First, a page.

This appendix describes the various techniques.

L.1 Resin Transfer Moulding


L.1.1

General introduction

RTM allows the moulding of components with complex shape and large surface area
with a good surface finish on both sides. The process is suited for short and medium
production runs and is employed for many different transport applications (truck cabs
are an example).
This process consists of filling a rigid and closed mould cavity by injecting a resin
through one or several points depending on the size of the component. The
reinforcements are previously placed in the interior of the mould before closing and
locking it firmly.
Different types of moulds can be used depending on the required production rate.
Heat can be applied to the mould to shorten the cure-time in which case steel moulds
may be necessary.
The reinforcements may be continuous filament mats, complexes or fabrics, but
generally continuous filament mats are the most widely used. The use of preforms
from continuous strand mats permits a considerable increase in production rate to be
achieved (Appendix K).

Figure 43 Schematic representations of RTM process

Advantages and benefits of using RTM are:


Mouldings can be manufactured to close dimensional tolerances
Components will have good surface finish on both sides.

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Selective reinforcement and accurate fibre management is achievable


Fibre loadings are typically around 50-60% (Volume). Ability to build-in fibre
volume fraction loadings up to 65%
Inserts may be incorporated into mouldings
Tooling costs comparatively low compared to other manufacturing processes
Uses only low pressure injection (34.5 kPa)
Low volatile emission during processing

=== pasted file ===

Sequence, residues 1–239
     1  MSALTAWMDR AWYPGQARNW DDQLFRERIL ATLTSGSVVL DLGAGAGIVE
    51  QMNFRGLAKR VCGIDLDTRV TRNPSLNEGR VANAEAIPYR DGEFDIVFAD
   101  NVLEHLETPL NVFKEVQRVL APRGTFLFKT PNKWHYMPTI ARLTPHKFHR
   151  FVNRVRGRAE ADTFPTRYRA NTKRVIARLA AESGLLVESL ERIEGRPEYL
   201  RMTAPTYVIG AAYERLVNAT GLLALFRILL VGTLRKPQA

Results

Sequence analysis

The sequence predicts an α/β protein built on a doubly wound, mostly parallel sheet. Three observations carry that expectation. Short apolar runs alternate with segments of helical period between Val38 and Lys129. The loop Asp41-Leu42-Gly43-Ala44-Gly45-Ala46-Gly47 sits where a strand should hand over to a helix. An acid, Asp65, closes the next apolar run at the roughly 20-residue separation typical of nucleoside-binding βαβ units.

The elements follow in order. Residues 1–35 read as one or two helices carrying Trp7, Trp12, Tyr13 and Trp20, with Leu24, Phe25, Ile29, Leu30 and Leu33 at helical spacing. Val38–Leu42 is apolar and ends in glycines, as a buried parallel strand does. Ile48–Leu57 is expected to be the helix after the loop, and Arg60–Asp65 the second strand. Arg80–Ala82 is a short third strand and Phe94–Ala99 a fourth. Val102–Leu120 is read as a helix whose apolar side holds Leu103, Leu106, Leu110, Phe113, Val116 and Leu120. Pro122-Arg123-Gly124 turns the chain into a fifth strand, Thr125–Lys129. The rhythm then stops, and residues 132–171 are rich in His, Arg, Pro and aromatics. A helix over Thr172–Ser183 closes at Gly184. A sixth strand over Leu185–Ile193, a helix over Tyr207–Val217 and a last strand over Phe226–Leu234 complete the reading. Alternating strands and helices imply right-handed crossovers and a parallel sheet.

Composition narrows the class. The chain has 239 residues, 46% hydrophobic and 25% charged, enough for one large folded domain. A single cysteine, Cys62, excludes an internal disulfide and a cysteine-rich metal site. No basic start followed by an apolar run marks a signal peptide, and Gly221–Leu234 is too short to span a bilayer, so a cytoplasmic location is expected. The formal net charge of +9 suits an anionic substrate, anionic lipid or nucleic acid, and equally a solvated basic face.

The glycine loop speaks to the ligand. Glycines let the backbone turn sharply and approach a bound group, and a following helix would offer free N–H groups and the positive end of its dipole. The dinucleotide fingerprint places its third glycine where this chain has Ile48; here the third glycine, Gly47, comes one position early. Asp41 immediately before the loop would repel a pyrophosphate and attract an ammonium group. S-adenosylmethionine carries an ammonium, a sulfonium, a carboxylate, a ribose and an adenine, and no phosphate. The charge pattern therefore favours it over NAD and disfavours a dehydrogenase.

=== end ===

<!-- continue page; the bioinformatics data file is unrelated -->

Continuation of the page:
Ability to produce near net shape mouldings reducing material wastage
Process can be automated resulting in higher production rates with less scrap
Ability to mould complex structural and hollow shapes
Low resultant voidage in moulded components
Ability to achieve from 0.5mm to 90mm laminate thickness
Higher productivity. An open mould usually produces one part per day. A RTM
mould can produce 12 to 30 simple parts per day.
Repeatability.
Reduced labour. For large volume production, labour costs become lower in
contrast to open moulding.

Some disadvantages of RTM are:


Volume requirements. Amortizing the cost of tooling requires high volume
production. Efficient operation also requires trained operators who work with this
process full time.
Tooling options. A wide range of mould types can be used for RTM.
Close attention must be paid to the injection strategy to prevent dry areas.
Internet sources:
http://www.plastech.co.uk/rtm_benefits.htm
http://www.vetrotexeurope.com/fabrication_processes/re_rtm.html
http://howard.engr.siu.edu/staff2/abrate/NSFATE/camps/rtm.htm

L.1.2

Resin flow in injection processes

The flow of resin through the fibre reinforcement is governed by Darcy's law. For onedimensional flows, the flow velocity v is proportional to the pressure gradient.
K dp
v

dx
Where K is the permeability of the reinforcement and is the viscosity of the resin. K
depends of the type of reinforcement and is a measure of its porosity. The viscosity of
the resin depends on the temperature and the degree of cure. It is usually assumed